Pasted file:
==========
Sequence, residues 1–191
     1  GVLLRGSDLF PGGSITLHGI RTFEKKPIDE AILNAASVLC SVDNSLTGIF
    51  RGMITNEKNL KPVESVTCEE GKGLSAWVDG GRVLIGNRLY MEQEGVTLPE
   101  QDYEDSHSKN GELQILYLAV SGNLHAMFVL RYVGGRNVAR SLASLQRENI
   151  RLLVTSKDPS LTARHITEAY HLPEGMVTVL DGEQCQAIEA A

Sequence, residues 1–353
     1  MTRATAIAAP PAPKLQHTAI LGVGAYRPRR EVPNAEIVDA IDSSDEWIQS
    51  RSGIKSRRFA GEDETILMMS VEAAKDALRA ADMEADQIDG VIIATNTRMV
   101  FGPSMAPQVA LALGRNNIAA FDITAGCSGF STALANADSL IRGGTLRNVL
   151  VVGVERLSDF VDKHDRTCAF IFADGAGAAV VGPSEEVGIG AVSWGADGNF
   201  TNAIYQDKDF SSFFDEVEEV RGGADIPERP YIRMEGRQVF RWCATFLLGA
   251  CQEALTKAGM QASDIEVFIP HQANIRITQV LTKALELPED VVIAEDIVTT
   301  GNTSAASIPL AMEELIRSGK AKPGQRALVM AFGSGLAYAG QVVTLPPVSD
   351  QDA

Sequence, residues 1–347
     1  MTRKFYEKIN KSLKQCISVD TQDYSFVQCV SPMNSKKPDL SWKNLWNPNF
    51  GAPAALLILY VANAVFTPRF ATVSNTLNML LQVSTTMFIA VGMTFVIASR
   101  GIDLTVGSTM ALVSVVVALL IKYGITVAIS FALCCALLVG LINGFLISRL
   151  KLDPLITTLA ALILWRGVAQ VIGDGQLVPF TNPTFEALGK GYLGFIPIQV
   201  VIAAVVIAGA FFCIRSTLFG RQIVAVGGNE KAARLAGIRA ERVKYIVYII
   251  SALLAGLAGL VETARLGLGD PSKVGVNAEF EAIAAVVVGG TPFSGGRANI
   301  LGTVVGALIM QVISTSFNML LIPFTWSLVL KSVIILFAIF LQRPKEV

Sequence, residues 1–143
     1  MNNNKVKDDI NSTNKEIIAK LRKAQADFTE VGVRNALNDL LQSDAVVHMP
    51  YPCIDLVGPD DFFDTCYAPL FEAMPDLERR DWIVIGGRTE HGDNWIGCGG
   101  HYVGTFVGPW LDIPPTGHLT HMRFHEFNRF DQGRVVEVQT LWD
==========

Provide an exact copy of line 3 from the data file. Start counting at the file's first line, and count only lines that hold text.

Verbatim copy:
    51  RGMITNEKNL KPVESVTCEE GKGLSAWVDG GRVLIGNRLY MEQEGVTLPE